Aclan was old.  His age showed in the deteriorating joints and rusty parts of his vast metallic body.  He was no longer able to fly – his wings long since broken and riddled with expanding holes.  He was now forced to crawl over the hills and across the plains at an ever decreasing rate.  Which was how the tiring dragon came across Sir Griman the dragonslayer.  Although it was the most unlikely of pairings, the two would soon become firm friends, making their way across the land towards the mountains and eventually the Dragons Graveyard.  For the dragons time was running out.  And the two had a long way to go…

This is a strange one.  Not so much a complete story, as it is an excerpt from what surely should be a larger piece of fantasy fiction.  The title pretty much tells you the long and short of the ‘plot’.  It’s a journey.  A short story that takes the reader from A to B, with a bit of whimsical banter in-between.  It’s all set in a Tolkien style world, with mechanical dragons and dragonslayers roaming the plains.  But without any twisting plot, or wonderfully inspired revelations in it, the story just feels incredibly and undeniably flat.  Sadly, altogether an effortless and unimaginative piece of uneventful fantasy fiction.

A Biter Bit – Simon Clark – 4 Pages
They’d only arrived in town yesterday, and ever since then they’d been drinking.  It was what they did.  People drank to kill the pain. These two had their own reasons.  They’d come to the carpark for a quiet place to drink.  But now they were in trouble.  A couple of thuggish bouncers were accusing them of messing with a hardass club owners’ Porsche.  A kicking was bound to follow.  That wasn’t the problem.  They could take a beating.  They’d no doubt had much worse over the years.  What was a worry, was if Emmerson sobered up.  Then the shit would really hit the fan…

Wow is this a weird one.  God knows where Clark got his idea for this short story from.  What starts out as a run-of-the-mill late-night dark alley contretemps with a couple of thick-skulled bouncers, gradually develops into some weird Bizarro style horror.  It’s wacky and pretty darn surreal, embracing alcoholism in a strange and perplexing way.  There’s absolutely zero chance you’d guess where Clark’s planning to take the story.  It’s equally as imaginative as it is off the wall.  But damn if it isn’t just a damn good read.

Pro-Files:
Tanith Lee – Letting Go Of The Here And Now – 4 Pages
“Strange places, peopled with dark, alien and often erotic vision, lie at the heart of Tanith Lee’s most popular fiction.  And yet the author of The Birthgrave, Night’s Sorceries and Death’s Master refuses the fantasy label.  In a rare interview with FEAR’s Stan Nicholls, this fascinating writer finally reveals the answers to questions her fans have always wanted to ask.”

Douglas E. Winter – Night’s Dark Agent – 2.5 Pages
“Lawyer by day, writer by night, anthologist Douglas E Winter is also one of the most renowned horror critics.  His controversial short fiction has been nominated for awards, his fabulous collaborative novel with Charles L Grant will undoubtedly see print soon and Prime Evil, his first brand-name horror anthology, sees paperback publication in October.  As FEAR’s Philip Nutman soon found out, this is a man with big things to say.”

Ralph McQuarrie – The Breed: Source Of The Soul – 1 Page
“Star Wars concept artist Ralph McQuarrie has leapt on board the good ship Nightbreed to bring the mammoth monster movie some new monsters, a host of imaginative matters and an expansion of the mythology.  Clive Barker talks to this living legend, while John Gilbert listens in.”

Bob Grogan - Murder Most Foul – 1 Page
“You only have to look in your high street video store to discover that, from Freddy and Jason to Michael Myers, tales of multiple murder are sure fire crowd pullers.  But what happens when fantasy trips into real life?  Where do film and video producers draw the line?  And how can distributors hope to ‘market’ representations of human tragedy sensitively, when their eyes are on the box-office and rental returns?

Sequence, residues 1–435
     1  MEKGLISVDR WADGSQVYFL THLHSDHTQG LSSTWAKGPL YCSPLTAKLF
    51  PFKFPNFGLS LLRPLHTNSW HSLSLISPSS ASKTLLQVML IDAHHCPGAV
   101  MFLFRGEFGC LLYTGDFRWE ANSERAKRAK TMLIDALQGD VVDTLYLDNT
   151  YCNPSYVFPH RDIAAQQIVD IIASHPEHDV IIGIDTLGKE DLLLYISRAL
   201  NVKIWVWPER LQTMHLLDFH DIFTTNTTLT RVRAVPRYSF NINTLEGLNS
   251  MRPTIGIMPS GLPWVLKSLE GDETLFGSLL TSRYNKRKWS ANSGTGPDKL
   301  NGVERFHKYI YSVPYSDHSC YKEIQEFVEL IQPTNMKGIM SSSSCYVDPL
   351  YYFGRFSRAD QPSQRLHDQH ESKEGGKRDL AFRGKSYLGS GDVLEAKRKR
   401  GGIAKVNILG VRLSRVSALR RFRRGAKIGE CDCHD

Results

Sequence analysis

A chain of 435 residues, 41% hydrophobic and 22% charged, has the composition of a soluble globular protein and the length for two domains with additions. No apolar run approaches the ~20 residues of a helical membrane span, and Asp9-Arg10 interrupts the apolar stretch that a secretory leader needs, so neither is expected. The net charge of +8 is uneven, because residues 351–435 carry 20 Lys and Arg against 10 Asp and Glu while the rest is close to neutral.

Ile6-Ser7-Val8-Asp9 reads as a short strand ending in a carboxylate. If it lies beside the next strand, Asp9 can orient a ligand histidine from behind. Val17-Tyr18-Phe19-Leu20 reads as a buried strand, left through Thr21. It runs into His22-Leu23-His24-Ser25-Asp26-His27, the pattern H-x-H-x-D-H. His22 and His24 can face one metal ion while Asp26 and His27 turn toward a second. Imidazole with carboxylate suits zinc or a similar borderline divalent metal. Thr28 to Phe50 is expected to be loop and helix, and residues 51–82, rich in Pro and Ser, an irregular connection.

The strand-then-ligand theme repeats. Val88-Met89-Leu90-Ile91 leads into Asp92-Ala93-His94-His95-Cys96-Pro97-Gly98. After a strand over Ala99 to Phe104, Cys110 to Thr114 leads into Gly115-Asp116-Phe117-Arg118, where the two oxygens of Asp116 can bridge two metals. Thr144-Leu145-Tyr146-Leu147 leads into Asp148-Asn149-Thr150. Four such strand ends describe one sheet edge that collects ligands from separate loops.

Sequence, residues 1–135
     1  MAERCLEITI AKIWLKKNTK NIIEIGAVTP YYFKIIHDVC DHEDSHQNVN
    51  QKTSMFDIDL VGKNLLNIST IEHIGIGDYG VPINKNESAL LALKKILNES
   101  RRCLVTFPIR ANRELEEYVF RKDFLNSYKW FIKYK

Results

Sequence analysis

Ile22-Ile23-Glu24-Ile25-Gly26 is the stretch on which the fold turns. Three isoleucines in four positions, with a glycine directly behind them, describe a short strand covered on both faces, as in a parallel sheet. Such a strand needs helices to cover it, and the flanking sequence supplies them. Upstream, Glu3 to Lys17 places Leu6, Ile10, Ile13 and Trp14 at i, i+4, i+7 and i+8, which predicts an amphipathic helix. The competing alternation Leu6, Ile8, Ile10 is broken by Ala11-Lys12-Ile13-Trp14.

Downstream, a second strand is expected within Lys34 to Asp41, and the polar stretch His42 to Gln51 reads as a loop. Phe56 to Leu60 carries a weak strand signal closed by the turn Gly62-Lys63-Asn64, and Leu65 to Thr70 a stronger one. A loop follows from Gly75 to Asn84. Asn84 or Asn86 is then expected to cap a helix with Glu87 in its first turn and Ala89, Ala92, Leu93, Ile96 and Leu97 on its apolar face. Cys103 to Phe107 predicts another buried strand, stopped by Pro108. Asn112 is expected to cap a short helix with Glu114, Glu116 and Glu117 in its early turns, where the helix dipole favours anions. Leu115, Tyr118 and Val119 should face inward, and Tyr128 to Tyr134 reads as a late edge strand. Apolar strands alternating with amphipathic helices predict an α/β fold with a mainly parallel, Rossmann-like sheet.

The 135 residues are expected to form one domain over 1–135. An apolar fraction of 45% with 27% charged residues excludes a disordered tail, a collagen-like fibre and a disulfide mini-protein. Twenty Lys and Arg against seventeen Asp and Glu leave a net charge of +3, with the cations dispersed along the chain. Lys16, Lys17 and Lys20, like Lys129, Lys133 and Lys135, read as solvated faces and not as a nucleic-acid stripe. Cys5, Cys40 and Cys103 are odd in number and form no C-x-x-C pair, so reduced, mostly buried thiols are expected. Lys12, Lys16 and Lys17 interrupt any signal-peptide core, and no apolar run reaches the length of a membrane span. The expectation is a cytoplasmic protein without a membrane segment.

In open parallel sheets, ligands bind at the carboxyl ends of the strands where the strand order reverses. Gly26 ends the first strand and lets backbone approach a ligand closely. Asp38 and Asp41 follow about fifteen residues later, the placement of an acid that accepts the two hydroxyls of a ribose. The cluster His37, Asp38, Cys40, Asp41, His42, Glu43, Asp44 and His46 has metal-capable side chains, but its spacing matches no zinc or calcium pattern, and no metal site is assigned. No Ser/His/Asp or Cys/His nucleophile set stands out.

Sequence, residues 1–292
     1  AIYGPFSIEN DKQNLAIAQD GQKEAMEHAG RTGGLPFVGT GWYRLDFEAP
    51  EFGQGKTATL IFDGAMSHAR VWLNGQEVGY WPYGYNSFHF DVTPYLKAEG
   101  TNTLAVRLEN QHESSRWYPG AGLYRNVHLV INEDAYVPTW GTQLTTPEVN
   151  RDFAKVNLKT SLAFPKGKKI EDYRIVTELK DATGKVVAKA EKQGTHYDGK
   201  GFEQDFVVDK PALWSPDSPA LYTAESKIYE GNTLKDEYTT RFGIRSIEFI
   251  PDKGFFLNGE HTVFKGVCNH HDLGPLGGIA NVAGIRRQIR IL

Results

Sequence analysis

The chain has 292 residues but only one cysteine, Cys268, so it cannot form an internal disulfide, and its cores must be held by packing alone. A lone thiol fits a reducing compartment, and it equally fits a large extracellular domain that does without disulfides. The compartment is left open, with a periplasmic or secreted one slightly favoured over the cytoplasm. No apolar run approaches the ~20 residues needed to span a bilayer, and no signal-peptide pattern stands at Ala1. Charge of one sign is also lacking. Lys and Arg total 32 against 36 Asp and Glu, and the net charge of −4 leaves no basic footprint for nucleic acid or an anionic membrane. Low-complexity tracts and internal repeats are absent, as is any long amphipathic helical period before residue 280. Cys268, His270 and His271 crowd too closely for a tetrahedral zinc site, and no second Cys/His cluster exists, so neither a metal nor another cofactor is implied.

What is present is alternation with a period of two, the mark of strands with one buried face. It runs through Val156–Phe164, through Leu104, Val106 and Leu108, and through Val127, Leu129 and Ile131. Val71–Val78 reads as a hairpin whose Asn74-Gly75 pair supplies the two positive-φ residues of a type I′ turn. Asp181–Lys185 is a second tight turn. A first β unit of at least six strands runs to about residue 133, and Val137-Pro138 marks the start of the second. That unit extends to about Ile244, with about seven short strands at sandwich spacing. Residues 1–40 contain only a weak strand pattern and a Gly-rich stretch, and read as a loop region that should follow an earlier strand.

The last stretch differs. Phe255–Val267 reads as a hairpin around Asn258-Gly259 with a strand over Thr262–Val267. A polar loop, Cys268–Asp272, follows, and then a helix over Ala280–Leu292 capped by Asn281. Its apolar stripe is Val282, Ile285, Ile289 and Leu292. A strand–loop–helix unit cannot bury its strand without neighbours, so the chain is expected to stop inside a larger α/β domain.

A new video out this month, The Case Of The Hillside Stranglers, prompts just such questions.  In a disturbing interview with Bob Grogan – the hard-boiled, ex Los Angeles Police Department detective who investigated the original case – John Gilbert discovers that, in reliving such horrific factual events, the line between social responsibility and morbid fascination is a very fine one.”

Stephen King – Dissecting Stephen King – 2 Pages
“What do Stephen King and William Shakespeare have in common?  Apart from a desire to write for the mass market, they are also two of the world’s most written about authors.  Stanley Wiater examines the growing body of criticism and analysis concerning the younger of the two writers.”

Set-Up:
The Abyss - Into The Abyss – 5 Pages
“More hype and budget than Batman?  That’s what some commentators are saying of The Abyss, director James Cameron’s underwater science fiction epic.  But is the behemoth worth the wait?  In two special reports Matthew Costello, novelist and author of the movie’s Making of… book, drops in for some hot water on set and cold criticism at its world premiere.”

Movie Mainline:
Comic Books Into Movies - From Script To Screen – 3 Pages
“The road to live-action superherodom is littered with snagged tights, dented egos and irate comic fans.  It is often claimed that a comic is a movie on the printed page, but despite the superficial similarities, comics are not sophisticated storyboards; accordingly, the transition is often unsatisfactory.  Brigid Cherry examines the history.”

Book Reviews:
Nemesis – Isaac Asimov
Beasts – Stephen R George
Still Life – Sheri S Tepper
Tarot Tales – Rachel Pollack & Caitlin Matthews
The King In Yellow – R W Chambers
The Best Of Modern Horror – Edward L Ferman & Ann Jordan
History Of The Future: A Chronology – Peter Lorie & Sidd Murray-Clark
On Stranger Tides – Tim Powers
Memories Of The Space Age – J G Ballard
Lex Luthor: The Unauthorised Biography – James D Hudnall & Eduardo Barreto
Druid’s Blood – Esther M Friesner
The Black Company – Glen Cook
Winter Wolves – Earle Westcott
Plague 99 – Jean Ure
The Faceless Tarot – Keith Seddon & Jocelyn Almond
Toady – Mark Morris
The Book Of Azrael – Leilah Wendell
Little Heroes – Norman Spinrad
Carnival – William W Johnstone
The Language Of The Night – Ursula K LeGuin
The Suiting – Kelley Wilde
The Corpse Had A Familiar Face – Edna Buchanan

Film Reviews:
The Carpenter - Directed by David Wellington
The Laughing Dead - Directed by Somtow Sucharitkul
Bad Taste - Directed by Peter Jackson
Elvira: Mistress Of The Dark - Directed by James Signorelli
Parents - Directed by Bob Balaban
Chud II: Bud The Chud - Directed by David Irving
The Chair - Directed by Waldemar Korzeniowsky
Dolls - Directed by Stuart Gordon
Alien Nation - Directed by Graham Baker